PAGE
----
Central Winger: Soccer's "Moneyball" moment is now
Soccer is in the nascent stages of its Moneyball era.
I won't blame you if you haven't noticed. It hasn't been publicly scrutinized – likely because it hasn't been publicly acknowledged. And, it certainly hasn't been caricatured by Brad Pitt in a recent Hollywood blockbuster.
2011 MLS Possession Percentage
|2||New York Red Bulls||54.98|
|3||Real Salt Lake||54.49|
|6||San Jose Earthquakes||50.47|
|7||Sporting Kansas City||50.36|
|8||Seattle Sounders FC||50.30|
|18||New England Revolution||44.71|
But that doesn't mean it isn't happening. The predictive formulas made familiar by Billy Beane when he was with the Oakland A's and Bill James' 1977 tome Baseball Abstract probably bear little resemblance to the ones that may be found in the back offices of European football giants and MLS franchises, but that's not to say spreadsheets aren't being generated and mathematical calculations aren't being scribbled on whiteboards.
Sabermetrics – the advanced analysis of baseball through statistics – never would have existed without the ability to consistently and systematically collect accurate measurements. A similar data-collection wasn't within the realm of possibility for soccer until recently when companies such as Opta Sports began analyzing matches and collecting data previously considered trivial or too detailed to collect.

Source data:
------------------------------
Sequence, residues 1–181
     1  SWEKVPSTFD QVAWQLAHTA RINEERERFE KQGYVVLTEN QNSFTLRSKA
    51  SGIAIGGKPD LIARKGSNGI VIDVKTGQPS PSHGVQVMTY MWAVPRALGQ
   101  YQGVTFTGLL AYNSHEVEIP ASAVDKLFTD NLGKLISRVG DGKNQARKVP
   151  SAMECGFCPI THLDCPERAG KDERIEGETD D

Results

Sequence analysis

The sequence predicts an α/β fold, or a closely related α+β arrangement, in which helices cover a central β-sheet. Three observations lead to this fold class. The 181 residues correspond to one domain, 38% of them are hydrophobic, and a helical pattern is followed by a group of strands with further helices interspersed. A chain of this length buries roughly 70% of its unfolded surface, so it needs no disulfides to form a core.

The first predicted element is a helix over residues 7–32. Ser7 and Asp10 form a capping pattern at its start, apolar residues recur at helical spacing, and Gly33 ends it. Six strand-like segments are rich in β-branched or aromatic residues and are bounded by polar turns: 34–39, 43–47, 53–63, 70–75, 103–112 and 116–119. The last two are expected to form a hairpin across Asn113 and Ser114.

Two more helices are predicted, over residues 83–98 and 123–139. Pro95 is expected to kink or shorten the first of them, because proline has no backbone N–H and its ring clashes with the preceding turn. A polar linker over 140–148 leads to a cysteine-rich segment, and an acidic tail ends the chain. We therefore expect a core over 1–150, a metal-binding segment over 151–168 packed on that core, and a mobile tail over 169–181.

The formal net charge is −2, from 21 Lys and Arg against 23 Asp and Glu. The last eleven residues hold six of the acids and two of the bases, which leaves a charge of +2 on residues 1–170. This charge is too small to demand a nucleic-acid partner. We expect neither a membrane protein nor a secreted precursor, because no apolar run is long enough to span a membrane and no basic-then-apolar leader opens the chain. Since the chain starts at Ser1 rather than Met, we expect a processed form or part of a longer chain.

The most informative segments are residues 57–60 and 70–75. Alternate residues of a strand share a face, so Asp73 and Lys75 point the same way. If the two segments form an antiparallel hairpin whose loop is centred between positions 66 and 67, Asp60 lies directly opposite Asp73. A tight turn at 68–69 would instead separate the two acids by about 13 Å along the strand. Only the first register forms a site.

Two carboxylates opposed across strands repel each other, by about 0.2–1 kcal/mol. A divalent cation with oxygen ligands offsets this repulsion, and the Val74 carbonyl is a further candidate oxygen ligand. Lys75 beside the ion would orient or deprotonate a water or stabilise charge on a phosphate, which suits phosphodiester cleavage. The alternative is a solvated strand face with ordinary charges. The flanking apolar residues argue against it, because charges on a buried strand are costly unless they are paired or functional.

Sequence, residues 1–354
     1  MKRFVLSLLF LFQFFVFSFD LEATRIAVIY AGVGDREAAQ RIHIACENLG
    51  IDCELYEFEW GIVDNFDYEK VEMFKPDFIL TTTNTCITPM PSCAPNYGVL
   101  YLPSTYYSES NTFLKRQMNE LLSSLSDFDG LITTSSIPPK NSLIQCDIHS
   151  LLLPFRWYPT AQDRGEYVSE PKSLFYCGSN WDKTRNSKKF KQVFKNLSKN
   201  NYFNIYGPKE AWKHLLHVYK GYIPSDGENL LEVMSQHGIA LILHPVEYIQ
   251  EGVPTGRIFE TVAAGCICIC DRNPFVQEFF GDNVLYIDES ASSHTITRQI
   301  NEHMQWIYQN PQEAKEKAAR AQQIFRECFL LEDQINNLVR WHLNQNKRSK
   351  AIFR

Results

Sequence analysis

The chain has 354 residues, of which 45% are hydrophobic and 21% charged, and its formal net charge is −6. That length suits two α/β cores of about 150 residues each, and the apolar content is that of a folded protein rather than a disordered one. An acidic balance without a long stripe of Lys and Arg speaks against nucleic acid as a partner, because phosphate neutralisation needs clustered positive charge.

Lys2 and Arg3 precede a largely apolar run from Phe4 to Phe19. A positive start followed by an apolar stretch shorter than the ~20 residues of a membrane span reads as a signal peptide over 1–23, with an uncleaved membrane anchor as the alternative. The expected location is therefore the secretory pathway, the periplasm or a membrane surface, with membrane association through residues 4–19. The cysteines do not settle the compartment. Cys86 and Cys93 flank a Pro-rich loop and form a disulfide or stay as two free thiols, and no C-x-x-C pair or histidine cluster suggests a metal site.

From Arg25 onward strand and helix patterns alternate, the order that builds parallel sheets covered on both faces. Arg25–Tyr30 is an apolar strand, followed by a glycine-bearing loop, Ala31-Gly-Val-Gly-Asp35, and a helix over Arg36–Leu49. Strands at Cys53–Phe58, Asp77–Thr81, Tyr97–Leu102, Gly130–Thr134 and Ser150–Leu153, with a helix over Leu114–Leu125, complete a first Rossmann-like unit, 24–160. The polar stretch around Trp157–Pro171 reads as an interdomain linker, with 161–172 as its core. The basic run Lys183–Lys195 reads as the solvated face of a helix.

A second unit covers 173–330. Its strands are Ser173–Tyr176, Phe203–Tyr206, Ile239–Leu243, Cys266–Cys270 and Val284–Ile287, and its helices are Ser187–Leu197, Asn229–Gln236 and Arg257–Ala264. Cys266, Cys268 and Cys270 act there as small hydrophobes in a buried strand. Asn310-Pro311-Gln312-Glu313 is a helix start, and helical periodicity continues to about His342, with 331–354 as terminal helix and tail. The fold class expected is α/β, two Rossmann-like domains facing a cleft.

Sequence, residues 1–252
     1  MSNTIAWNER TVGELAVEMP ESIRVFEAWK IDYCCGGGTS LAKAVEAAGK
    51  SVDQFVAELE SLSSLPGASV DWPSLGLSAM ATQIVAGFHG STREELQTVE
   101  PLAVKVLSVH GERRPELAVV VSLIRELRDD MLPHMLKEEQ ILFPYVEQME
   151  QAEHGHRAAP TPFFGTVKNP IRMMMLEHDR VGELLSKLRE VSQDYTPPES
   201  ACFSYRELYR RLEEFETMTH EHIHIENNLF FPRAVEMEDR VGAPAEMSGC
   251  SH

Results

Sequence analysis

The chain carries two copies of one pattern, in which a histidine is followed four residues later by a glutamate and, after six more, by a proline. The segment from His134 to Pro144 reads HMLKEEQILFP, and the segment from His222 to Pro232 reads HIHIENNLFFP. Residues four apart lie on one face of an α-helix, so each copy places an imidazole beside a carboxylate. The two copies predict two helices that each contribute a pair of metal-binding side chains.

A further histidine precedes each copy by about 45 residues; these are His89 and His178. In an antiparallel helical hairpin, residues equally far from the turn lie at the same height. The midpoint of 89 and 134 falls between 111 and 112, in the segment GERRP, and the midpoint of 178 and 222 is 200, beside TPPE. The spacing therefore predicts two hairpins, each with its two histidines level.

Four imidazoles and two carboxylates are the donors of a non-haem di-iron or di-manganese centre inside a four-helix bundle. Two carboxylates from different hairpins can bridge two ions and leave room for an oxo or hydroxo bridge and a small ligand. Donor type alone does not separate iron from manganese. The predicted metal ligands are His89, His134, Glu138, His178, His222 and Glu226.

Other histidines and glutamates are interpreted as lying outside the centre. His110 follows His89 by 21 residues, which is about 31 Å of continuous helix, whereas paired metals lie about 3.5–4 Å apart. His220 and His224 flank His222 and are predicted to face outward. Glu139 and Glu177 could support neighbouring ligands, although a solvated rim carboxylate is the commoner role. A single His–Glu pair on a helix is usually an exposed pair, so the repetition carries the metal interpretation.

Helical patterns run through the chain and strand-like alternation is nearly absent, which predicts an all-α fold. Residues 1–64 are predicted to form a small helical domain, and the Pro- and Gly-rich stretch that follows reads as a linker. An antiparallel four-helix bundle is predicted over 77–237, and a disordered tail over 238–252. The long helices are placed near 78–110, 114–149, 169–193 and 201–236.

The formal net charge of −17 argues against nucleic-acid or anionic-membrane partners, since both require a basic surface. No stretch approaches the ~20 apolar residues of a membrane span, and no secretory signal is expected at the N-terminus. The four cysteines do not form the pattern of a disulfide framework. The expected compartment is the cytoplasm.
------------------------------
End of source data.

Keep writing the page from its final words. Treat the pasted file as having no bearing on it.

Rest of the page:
While this was not the beginning of the statistical revolution in soccer – that began in earnest with the Soviets in the early 1960s – it's at least the hallmark of a renaissance. Because through Opta and other soccer data-collection and analysis companies, armchair analysts can for the first time study soccer stats that were previously unobtainable.
But which statistics are valuable?
One statistic that seems to be a staple in every soccer broadcasting booth is possession. And why not? Possession seems like such an integral part of the game. The more possession a team has, surely the better their results will be. After all, if a team has the ball, the logic goes, it can score and its opponent can not.
Yet, recent findings from last year's Opta MLS data suggests that teams that out-possess their opponents are actually less likely to win the game. This finding is riveting. It goes against so many long-held beliefs about how to play "beautiful" soccer.
Does this really mean that possession doesn't lead to victories? Or is this evidence that our understanding of possession is incomplete or flawed?
As both a statistician and a coach, my gut reaction is to point to the latter. But I recognize that challenging long-held beliefs like this is incredibly healthy for the game. With Opta and others providing unprecedented access to the statistics of our game, it's time for a discussion about statistics that goes beyond the dead-air filler that is broadcasted after the ball goes behind for a goal kick.
And so, the Central Winger takes the field. It will aim to raise the level of meaningful commentary on the growing soccer-analytics movement and provide airtime to dialogue that deserves to be listened to. Stay tuned.